Canadians this week got a short, sharp object lesson in the pitfalls of unfiltered social media courtesy of some Toronto Maple Leafs and a Canadian-born Hollywood starlet.

    Most of us by now understand the perils of posting potentially embarrassing things about ourselves or hurtful things about others on Twitter, Facebook or on other social platforms, even if some people do it anyway.

    But the legal consequences of saying something nasty came home to Leafs fan Anthony Adragna.

    While watching the TSN sports channel’s NHL trade deadline coverage on Monday, Adragna tweeted what he apparently considered a droll remark about the personal relationships of Leafs’ captain Dion Pheneuf, his wife actress Elisha Cuthbert and forward Leafs’ Joffrey Lupul.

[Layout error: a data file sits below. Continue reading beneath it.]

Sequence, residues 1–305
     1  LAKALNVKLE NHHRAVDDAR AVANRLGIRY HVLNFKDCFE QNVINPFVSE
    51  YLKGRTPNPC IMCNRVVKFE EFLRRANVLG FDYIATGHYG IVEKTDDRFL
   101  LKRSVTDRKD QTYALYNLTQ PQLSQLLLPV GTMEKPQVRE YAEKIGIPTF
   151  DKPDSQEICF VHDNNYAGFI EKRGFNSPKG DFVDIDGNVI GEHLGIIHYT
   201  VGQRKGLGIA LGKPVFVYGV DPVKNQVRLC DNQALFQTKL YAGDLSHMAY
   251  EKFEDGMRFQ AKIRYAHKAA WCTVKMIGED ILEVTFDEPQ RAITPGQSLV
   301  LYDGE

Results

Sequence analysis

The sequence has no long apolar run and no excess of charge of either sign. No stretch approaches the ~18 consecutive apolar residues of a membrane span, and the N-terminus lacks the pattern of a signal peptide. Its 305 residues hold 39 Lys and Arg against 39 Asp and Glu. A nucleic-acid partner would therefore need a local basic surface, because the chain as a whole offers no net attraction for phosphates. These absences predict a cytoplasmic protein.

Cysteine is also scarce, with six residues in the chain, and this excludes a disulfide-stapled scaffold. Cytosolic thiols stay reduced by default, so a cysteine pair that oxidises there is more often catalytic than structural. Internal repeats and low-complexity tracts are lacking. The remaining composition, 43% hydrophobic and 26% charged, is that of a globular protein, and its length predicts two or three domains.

The tweet ended up as part of the Twitter feed TSN was scrolling across the screen during its program.

    Lupul didn’t take long to respond to the nasty piece of gossip:

    Read More »from TSN Twitter flap highlights the liability users have for what they tweet
  • Border guards replace each other at the Douglas border crossing in Surrey, B.C., Aug. 20, 2009. (CP)Border guards replace each other at the Douglas border crossing in Surrey, B.C., Aug. 20, 2009. (CP)

    Border guards have long had more powers to search individuals than police, but a case this week will finally make Canadian courts determine whether those guards can force you to turn over the passwords to your phone or computer without a warrant, legal and privacy experts tell Yahoo Canada News.

    For police, the law was clarified in December when the Supreme Court of Canada ruled on the case of Ontario man Kevin Fearon, who was convicted after a Toronto flea market robbery. Police looked through his cellphone after his arrest and found pictures of a gun and cash and a message about jewelry.